The White-headed Duck (Oxyura leucocephala) is a small stiff-tailed duck.
Adult male white-headed ducks have a grey and reddish body, a blue bill, and a largely white head with a black cap and neck.
Adult females have a grey-brown body with a white face and a darker bill, cap, and cheek stripe.
Range / Distribution:
This duck breeds in Spain and North Africa, with a larger population in western and central Asia. Their breeding habitat is large tracts of open water with dense stands of aquatic plants to provide cover and nesting sites.
These birds dive and swim underwater. They are reluctant to fly, preferring to swim for cover.
This duck is considered endangered due to a large reduction in population in the last ten years. Most of this decline is due to habitat loss and hunting, but interbreeding of the Spanish population with the introduced Ruddy Duck (Oxyura jamaicensis) is a more recent threat. This has led to the attempted eradication of the American species from Western Europe.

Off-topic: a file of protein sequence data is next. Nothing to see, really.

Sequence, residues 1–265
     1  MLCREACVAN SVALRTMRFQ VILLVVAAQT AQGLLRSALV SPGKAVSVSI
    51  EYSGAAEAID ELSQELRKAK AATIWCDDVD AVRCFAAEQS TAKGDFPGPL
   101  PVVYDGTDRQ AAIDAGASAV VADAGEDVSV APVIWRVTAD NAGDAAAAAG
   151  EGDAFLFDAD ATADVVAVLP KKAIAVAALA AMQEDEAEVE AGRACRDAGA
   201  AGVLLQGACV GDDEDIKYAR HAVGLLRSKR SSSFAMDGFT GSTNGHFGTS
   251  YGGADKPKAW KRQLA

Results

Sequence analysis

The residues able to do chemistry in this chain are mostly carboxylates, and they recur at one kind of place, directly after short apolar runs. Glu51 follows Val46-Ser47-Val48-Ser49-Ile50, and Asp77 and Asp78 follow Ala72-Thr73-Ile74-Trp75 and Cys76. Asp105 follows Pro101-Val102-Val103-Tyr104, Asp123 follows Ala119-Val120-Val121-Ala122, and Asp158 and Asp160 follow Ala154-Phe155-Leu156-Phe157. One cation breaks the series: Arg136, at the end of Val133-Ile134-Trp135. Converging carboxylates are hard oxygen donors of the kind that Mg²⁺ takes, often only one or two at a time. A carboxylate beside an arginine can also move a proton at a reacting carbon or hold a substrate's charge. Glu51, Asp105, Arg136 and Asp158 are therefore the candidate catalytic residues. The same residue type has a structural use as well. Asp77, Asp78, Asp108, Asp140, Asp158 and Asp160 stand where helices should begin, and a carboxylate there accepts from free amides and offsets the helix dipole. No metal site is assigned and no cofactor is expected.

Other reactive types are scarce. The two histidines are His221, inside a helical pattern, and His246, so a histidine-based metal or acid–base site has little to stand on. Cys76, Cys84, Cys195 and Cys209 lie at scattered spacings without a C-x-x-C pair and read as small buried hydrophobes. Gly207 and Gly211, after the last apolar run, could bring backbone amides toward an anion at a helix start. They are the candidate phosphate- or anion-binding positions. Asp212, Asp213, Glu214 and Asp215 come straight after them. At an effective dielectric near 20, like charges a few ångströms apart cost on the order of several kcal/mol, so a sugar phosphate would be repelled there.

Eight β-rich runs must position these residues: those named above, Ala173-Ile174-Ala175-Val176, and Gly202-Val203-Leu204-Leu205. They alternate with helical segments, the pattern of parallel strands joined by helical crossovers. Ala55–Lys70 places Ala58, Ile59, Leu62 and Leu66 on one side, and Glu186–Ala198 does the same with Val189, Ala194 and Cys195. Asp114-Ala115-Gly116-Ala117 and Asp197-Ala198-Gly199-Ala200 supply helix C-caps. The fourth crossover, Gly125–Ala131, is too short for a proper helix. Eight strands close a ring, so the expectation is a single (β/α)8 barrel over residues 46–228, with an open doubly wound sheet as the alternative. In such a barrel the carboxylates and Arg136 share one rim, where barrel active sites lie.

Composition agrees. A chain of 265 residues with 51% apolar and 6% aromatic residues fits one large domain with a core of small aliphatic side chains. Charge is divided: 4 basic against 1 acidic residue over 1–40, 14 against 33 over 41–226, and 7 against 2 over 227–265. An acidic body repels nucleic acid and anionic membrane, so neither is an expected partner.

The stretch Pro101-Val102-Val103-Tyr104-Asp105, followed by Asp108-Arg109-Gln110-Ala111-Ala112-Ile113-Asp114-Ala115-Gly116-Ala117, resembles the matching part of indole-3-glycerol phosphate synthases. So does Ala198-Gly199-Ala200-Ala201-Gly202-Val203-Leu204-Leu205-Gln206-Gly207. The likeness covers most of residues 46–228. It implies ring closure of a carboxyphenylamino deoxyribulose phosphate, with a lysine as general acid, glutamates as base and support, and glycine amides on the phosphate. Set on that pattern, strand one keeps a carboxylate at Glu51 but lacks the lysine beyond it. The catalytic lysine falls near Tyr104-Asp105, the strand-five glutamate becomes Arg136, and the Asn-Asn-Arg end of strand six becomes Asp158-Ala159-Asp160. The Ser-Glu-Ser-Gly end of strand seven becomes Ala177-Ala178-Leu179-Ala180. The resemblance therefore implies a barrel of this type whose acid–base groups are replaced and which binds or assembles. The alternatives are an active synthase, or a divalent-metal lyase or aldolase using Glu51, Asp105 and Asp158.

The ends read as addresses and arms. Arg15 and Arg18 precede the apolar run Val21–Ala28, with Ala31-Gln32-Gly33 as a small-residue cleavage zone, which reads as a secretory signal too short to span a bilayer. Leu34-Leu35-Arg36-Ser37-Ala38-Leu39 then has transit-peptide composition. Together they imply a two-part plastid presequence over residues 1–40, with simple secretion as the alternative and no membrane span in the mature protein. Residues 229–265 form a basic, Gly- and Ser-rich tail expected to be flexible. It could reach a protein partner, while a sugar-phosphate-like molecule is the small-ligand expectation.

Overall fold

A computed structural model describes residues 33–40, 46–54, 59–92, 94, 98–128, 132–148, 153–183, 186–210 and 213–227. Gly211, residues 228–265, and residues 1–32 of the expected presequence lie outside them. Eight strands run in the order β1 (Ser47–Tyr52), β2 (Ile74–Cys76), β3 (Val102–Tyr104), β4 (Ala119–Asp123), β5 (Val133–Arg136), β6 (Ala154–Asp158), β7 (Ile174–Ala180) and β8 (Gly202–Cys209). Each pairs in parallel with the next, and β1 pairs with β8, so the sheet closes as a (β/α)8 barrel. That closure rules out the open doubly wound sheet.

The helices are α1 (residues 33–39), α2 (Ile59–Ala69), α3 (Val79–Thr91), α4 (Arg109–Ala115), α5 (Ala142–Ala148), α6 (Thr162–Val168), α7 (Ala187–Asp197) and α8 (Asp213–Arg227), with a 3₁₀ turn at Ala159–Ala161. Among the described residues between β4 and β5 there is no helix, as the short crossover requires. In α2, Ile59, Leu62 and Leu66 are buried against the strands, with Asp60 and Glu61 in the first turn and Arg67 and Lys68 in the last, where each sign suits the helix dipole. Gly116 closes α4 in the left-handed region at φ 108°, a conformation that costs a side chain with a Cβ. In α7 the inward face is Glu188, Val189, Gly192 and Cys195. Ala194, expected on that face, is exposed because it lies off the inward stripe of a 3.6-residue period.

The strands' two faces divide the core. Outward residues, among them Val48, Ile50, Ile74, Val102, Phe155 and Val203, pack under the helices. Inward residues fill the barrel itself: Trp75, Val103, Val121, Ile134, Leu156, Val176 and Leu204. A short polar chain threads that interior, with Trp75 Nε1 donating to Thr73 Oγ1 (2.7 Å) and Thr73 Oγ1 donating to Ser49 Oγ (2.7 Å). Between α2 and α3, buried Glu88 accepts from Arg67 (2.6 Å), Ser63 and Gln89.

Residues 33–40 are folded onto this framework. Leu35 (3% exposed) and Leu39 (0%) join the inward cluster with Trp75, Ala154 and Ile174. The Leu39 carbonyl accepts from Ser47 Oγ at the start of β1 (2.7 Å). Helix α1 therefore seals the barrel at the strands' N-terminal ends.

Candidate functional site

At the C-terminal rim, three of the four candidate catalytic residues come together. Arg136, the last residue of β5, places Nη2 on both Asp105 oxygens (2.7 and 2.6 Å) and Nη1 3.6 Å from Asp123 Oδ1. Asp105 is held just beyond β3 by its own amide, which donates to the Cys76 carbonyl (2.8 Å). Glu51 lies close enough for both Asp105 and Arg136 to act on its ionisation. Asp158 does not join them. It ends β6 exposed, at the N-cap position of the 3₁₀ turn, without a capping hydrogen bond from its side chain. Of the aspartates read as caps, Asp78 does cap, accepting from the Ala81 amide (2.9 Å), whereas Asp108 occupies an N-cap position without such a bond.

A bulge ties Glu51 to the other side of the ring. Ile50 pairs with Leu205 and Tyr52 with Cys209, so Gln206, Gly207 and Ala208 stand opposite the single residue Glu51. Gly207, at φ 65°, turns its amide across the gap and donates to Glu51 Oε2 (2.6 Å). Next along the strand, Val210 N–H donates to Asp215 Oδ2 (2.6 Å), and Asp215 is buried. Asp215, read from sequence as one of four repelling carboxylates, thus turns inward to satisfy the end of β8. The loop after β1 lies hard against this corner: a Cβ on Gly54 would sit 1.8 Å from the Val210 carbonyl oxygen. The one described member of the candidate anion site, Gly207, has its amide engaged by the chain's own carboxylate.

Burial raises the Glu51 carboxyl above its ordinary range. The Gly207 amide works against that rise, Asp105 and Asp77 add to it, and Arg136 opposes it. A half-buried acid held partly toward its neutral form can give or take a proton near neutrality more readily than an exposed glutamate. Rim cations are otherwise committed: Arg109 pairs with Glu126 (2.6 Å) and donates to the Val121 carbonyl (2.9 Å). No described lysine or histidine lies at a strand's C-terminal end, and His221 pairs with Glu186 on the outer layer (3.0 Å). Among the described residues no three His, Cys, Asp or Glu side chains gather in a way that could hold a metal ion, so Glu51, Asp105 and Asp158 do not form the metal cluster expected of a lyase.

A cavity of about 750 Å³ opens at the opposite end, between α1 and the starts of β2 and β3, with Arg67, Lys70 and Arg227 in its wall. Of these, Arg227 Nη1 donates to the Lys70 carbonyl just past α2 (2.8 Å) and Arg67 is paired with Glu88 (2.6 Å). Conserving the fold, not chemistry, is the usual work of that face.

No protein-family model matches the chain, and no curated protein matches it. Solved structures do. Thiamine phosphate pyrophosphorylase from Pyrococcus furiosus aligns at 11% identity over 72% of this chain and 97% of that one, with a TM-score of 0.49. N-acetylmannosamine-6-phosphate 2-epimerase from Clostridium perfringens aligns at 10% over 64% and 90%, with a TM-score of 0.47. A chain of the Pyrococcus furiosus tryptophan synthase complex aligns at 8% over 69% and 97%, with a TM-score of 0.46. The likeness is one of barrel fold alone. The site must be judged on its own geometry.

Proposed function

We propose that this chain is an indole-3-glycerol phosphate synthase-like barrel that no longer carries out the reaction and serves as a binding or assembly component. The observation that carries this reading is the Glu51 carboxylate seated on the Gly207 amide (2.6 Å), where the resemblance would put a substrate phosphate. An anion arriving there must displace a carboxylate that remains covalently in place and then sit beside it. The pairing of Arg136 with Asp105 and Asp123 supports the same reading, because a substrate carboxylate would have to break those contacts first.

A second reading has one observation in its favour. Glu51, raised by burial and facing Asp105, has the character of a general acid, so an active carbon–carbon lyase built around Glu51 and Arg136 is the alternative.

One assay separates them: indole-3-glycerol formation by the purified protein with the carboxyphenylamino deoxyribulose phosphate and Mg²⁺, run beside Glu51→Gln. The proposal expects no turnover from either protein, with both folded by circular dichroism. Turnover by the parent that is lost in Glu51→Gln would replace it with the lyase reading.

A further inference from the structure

The White-headed Duck is one of the species to which the Agreement on the Conservation of African-Eurasian Migratory Waterbirds (AEWA) applies.
- Bird Life International (2006). . In: IUCN 2006. IUCN Red List of Threatened Species. Downloaded on 11 May 2006. Database entry includes justification for why this species is endangered
Diet / Feeding:
White-headed ducks are omnivorous, with vegetable matter predominating.
Ducks generally feed on larvae and pupae usually found under rocks, aquatic animals, plant material, seeds, small fish, snails, and crabs.